Attivo Networks News

Becoming the Face of Change

Reading Time: 2 minutes  |  Published: March 10, 2020 in Attivo News

One of the biggest reasons for gender disparity in cybersecurity was the lack of a role model. The problem here is the fact that men make up for a majority of key commenters and high-profile influencers.

Carolyn Crandall, Chief Deception and Marketing Officer, Attivo Networks:

I strive to be a catalyst of change and a role model for changing that trend. New and diverse perspectives are the key to innovation and it is critical for the advancement in the cybersecurity and technology spaces. I am a strong advocate both in my work environment as well as in volunteer activities to help educate and drive advancement of women in technology. Attivo Networks has been aggressive in its college graduate hiring program and I have taken this opportunity to bring several millennial women on to the team. I often speak with undergrad and MBA students at Santa Clara University and I have spoken at When She Speaks, WITI, and most recently at the Silicon Valley TIE CMO Inflect event. This helps me build relationships, introduce cybersecurity as a career path, and actively recruit. For our newly hired recruits, we conduct weekly training on cybersecurity, our technology, and how to apply our technology to solve cybersecurity issues. We also encourage the team to participate in external training forums like ISC2, SANS, ISSA and Cybrary. Notably, my team is ¾ women.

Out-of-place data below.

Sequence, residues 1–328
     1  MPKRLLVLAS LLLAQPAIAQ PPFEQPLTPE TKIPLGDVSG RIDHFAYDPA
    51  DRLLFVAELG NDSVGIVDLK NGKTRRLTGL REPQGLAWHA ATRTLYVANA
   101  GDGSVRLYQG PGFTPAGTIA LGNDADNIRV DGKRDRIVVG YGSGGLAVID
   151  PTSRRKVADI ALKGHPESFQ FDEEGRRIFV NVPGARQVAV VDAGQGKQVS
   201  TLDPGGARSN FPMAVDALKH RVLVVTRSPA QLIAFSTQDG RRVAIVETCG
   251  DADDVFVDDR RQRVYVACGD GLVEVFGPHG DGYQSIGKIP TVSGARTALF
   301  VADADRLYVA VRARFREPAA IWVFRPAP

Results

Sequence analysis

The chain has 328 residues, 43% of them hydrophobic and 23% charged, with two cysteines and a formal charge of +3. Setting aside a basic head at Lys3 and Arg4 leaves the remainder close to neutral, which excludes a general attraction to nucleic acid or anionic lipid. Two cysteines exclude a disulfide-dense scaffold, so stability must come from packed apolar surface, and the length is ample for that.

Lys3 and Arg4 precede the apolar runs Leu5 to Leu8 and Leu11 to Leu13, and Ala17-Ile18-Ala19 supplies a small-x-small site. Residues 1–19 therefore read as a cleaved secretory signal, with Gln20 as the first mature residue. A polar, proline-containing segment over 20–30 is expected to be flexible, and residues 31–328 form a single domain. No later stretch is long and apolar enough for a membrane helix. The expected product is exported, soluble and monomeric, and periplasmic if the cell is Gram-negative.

I believe I have the ability to retain and continue to attract women because they feel welcome, the company culture promotes learning, and we offer on-the-job training to help them gain additional technical expertise. We also appreciate that people are learning, and openly provide opportunities for employees to apply their learnings while providing direct feedback on what went well and where they need to focus to advance. I also encourage the women on the team to stretch beyond their comfort zone. I have found that many women want to master an area before they make a commitment to advance. They sometimes tend to shy away from jobs or projects where they don’t have all the skills, whereas their male counterparts tend to be willing to go out on a limb and apply for jobs they are not fully qualified for. Throughout my career,

I have always sought out jobs that had scared me in some way. The skill or experience that I was missing, presented me with the opportunity to grow and be challenged. I encourage others to take big steps, but to also do this smartly by learning from others who have the skills, taking classes, or reading everything you can so that you become an expert in these new disciplines as well.

Read the original article here.

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